Jeurys Familia, The Mets’ 27-year-old closer, was diagnosed with an arterial blood clot in his right shoulder yesterday. Though he’ll likely be out for a while, if not the duration of the season, Familia is fortunate that this was caught now. Further testing is underway to determine if surgery is indicated. Read More ›
The Red Sox and the Yankees appear to be competing for more than first place in the American League East. With identical won-loss records as of Thursday night, New York has five pitchers out of action
(one starter & four relievers), while the Sox are missing four of their pitchers (two starters & two relievers). It will be interesting to see how injuries impact the rotation and the standings as the season moves into its final phase.
Boston made a bold move just before the trade deadline in obtaining Erik Bedard from the Seattle Mariners to fill their void at the mound. Bedard, who had a strong first half this season after finally rebounding from a series of shoulder surgeries, was just off the 15-day DL (with a tweaked knee) when Boston bit. A great deal for the Mariners, who desperately needed some bats, Boston took a chance on a player who can be stellar when he’s on but has a history of spending a lot of time nursing his injuries. Bedard got good reviews for his first start for the Sox, pitching five innings, allowing seven hits and three runs (all earned) with no walks and five strikeouts in a no-decision. Will he hold up to help carry Boston the rest of the way? Yankee fans certainly hope not.
On another NY pitching note, Johan Santana of the NY Mets has hit a glitch in his rehab. Originally listed as likely to return to action later this month, Santana was examined yesterday and was diagnosed with shoulder fatigue by Mets orthopaedist, Dr. David Altchek, after complaining of lingering discomfort. The prescription was for a week off from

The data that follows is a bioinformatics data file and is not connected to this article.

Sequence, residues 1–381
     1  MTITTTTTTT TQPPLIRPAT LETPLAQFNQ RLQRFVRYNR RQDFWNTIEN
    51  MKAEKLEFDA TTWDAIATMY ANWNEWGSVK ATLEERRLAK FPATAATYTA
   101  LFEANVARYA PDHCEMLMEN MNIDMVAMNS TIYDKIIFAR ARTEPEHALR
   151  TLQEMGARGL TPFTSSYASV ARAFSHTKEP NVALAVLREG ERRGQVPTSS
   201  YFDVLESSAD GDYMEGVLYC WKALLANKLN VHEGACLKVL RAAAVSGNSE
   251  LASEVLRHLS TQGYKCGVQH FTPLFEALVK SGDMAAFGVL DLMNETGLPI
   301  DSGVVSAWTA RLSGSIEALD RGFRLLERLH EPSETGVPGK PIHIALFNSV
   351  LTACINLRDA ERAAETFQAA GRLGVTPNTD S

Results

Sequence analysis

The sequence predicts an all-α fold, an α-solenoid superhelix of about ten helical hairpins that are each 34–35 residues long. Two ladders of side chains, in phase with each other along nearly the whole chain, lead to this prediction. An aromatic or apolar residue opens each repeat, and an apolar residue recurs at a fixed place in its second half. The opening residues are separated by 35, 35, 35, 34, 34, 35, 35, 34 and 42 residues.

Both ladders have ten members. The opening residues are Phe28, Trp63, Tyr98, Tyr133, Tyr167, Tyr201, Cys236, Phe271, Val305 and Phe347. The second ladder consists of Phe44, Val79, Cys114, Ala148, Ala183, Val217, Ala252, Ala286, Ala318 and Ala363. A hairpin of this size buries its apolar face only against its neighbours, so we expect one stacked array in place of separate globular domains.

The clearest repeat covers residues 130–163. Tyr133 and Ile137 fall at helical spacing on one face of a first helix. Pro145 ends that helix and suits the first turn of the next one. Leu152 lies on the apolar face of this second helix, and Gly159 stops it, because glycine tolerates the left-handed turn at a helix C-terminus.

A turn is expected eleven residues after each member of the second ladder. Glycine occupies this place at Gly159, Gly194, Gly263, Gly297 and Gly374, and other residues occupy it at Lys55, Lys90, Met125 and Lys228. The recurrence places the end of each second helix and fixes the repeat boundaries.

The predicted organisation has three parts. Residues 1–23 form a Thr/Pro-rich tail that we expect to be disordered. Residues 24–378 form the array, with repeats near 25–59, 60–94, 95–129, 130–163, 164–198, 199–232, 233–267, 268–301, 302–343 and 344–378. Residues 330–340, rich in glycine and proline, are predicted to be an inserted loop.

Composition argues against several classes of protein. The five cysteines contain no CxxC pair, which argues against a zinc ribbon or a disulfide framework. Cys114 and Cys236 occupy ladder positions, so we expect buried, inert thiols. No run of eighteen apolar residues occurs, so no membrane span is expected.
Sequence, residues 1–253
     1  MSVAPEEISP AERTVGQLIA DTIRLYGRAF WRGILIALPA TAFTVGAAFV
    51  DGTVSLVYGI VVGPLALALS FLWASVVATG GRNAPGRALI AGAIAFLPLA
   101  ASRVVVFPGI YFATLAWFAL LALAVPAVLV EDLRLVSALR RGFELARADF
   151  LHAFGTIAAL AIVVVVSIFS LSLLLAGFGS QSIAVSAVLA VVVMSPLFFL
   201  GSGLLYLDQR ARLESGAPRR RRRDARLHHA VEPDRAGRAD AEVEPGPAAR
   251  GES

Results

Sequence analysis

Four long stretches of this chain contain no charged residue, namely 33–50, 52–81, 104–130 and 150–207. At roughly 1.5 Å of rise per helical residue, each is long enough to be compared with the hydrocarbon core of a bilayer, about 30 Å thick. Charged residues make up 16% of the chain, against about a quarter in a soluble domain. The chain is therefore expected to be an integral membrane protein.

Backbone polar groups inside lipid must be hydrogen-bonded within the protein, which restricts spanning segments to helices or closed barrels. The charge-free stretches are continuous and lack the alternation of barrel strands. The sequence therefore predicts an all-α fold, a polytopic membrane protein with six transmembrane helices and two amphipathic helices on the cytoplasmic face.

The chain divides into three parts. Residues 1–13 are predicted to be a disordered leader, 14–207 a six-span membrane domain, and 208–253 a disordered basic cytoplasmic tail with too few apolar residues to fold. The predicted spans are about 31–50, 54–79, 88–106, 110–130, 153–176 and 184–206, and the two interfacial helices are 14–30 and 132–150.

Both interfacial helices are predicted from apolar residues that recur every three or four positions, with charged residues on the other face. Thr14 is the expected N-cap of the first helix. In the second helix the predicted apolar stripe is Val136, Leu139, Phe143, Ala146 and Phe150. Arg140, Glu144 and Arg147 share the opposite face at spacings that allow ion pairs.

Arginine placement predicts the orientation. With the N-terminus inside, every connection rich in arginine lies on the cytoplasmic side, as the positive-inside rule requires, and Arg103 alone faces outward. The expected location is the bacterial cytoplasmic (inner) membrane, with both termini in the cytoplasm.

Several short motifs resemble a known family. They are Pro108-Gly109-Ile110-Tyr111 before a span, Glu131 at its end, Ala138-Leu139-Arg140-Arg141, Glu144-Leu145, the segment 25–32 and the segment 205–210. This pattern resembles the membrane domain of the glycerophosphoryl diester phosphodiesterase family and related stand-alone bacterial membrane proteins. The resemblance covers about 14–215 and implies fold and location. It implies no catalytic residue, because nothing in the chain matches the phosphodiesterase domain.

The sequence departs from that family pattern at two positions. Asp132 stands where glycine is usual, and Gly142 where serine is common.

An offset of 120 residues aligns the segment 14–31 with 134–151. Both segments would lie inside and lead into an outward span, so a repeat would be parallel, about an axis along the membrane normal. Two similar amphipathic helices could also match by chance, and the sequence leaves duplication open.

his throwing program while continuing to work on general conditioning. While I wrote in March that everyone was prematurely jumping mad because Santana’s progress was less than lightening fast, he was only six months post-op at the time and shouldn’t have been expected to be spotting his change-ups and curveballs. Now, though no pathology was identified, and it still isn’t time to panic, there is certainly reason for concern.
Rehab is always more encouraging when each day is better than the one preceding it. Santana will have to ease up when he does return to his throwing regimen and progress more slowly. If he continues to experience symptoms there will likely be more medical opinions, diagnostic work-ups and then, significant fallout. When an injury doesn’t progress as hoped or planned, it never bodes well (see Ike Davis), and oftentimes the causative pathology only comes to light later in the process. Let’s hope that isn’t Santana’s story. Either way, it appears unlikely that Mets’ fans will see him on the mound at Citi Field any time soon.